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ethereal-- the overlay shot is fantastic. It really gives an idea of the density once there--imagine all the daily human activity. The Music Center, Disney Hall, and the new Broad are definitely better than the parking lot or bland skyscraper alternatives, but they will still lack the urban vitality of the old Bunker Hill, or of Broadway to the east, in terms of density. Grand will likely remain largely desolate for a long time. I'm all for culture, but sometimes if its institutions are too concentrated, culture can become forbidding. Btw, it never occurred to me that Disney Hall had any kind of flat roof.

Vokoban's page has some other interesting L.A. items, including these pics of a single building I'd trade both the Disney and the Broad for in a NY minute (as interesting and significant as they are):



Rod Taylor in Zabriskie Point, released in 1970--two years after the fall.



Reimagined for This Gun For Hire (1942).

Last edited by GaylordWilshire; Jan 13, 2011 at 10:11 PM.
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  #2491  
Old Posted Jan 13, 2011, 6:35 PM
malumot malumot is offline
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Recent posts - The Minnewaska, Broad, sterile cityscapes......

The problem, as I see it, is that after The War the smarty pants urban planners got their way and ruined the organic way that make cities become what they are.

One example - plazas. Just about every post-1960 skyscraper is surrounded by some useless, unvisited plaza. The intent, of course, was to reduce the mass of the building and to promote social interaction. You have a one-acre site? Your building's footprint can be no more than 40% of that, let's say. The rest must be given over to "public space" and the inevitably insipid "public art". How many public space areas on Bunker Hill do YOU know that you would consider lively places of interaction? It's a short list. The steps at US Bank Tower are kind of cool. Beyond that I'm drawing a blank.

There was social interaction in the past of course, when buildings like the Richfield were built cheek by jowl. It just spilled onto the sidewalks. (Take a walk down present-day Broadway to see what I mean). Planner-types HATED this. They wanted the suburban office-park look. The Suburban office park model CAN work - in the suburbs. Not downtown.

What we got was the worst of both worlds.

This is not limited to LA of course. My least-favored part of Manhattan is centered on 6th Avenue Midtown. Huge skyscrapers surrounded by boundless prairies of plazas. This is New York? It could just as well be Anycity, USA.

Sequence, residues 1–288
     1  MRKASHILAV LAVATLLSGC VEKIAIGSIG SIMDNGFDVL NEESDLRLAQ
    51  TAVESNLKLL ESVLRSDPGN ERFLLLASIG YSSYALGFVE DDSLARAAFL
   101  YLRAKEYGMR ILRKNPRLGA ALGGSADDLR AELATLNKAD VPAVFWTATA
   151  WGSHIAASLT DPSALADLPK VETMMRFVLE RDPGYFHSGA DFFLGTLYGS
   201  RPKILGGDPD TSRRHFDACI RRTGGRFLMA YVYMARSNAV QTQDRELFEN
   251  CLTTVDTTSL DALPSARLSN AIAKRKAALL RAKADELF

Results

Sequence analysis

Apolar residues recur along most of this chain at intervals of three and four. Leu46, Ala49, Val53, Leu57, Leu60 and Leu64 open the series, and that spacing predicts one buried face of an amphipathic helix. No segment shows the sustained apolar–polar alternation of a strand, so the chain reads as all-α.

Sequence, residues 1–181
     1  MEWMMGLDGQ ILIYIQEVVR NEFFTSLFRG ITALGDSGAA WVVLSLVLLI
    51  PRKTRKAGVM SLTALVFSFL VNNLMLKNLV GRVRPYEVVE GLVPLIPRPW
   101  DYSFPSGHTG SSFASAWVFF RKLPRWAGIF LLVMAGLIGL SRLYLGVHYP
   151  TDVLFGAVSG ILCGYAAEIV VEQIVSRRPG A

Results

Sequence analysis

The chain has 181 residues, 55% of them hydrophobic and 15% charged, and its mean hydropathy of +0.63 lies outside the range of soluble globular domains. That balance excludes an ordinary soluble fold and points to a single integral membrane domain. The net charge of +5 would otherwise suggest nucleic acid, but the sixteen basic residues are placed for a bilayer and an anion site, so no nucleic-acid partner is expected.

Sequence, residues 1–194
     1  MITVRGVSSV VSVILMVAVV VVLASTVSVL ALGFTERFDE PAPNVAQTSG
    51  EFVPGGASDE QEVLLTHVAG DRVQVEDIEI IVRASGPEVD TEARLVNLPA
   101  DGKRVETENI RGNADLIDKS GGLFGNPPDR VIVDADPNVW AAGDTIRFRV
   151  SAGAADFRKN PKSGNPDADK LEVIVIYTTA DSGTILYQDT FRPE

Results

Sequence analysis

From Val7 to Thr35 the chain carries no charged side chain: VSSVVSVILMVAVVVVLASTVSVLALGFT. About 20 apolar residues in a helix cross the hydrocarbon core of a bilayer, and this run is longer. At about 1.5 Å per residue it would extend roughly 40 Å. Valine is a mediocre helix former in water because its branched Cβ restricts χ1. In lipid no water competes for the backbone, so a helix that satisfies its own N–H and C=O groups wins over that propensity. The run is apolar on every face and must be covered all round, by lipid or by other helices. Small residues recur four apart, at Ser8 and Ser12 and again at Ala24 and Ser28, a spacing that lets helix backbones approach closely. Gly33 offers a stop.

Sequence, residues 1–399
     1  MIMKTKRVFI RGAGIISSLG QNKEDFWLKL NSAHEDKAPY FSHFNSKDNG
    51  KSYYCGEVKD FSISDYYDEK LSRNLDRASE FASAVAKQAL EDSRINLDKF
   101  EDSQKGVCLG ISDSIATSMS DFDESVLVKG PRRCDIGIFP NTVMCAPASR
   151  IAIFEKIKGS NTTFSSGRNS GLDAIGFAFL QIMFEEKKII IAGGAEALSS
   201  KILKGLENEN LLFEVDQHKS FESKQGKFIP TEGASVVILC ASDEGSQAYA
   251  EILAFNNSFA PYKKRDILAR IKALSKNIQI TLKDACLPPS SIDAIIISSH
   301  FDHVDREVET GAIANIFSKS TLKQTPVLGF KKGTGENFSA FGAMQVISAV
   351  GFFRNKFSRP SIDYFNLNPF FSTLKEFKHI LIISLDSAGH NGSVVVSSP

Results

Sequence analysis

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  #2492  
Old Posted Jan 15, 2011, 12:16 AM
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GaylordWilshire recently posted several photos of the clock from the old county courthouse.


Below: Here is the clock in situ.



unknown











unknown

Demolition begins on the Los Angeles County Courthouse, 1932.

Last edited by ethereal_reality; Jan 15, 2011 at 2:16 AM.
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  #2493  
Old Posted Jan 15, 2011, 12:25 AM
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I'm hopeless......

Some nice ...in fact VERY nice..contemporary aerials of Downtown, plus Harbor, MDR, Beverly Hills, etc.

Very first pic of the thread......what is my eye drawn towards?.............


........The Figueroa, of course!



http://forum.skyscraperpage.com/showthread.php?t=187288

And as far as the Ritz-Carlton goes..........it looks like the thing is about ready to explode.
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  #2494  
Old Posted Jan 15, 2011, 12:29 AM
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Here is an image from a stereoscope slide I found on ebay.


Below: The Downey Block 1887


ebay



Above: I like the arcade-like structure in the center of the photo.It looks large enough to accommodate a horse and buggy.
It is almost like a porte cochere on the front of the building instead of on the side where you usually find a porte cochere.



Below: I tried to heighten the details by using black and white.


img

Last edited by ethereal_reality; Jan 15, 2011 at 12:39 AM.
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  #2495  
Old Posted Jan 15, 2011, 12:53 AM
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Quote:
Originally Posted by transitfan View Post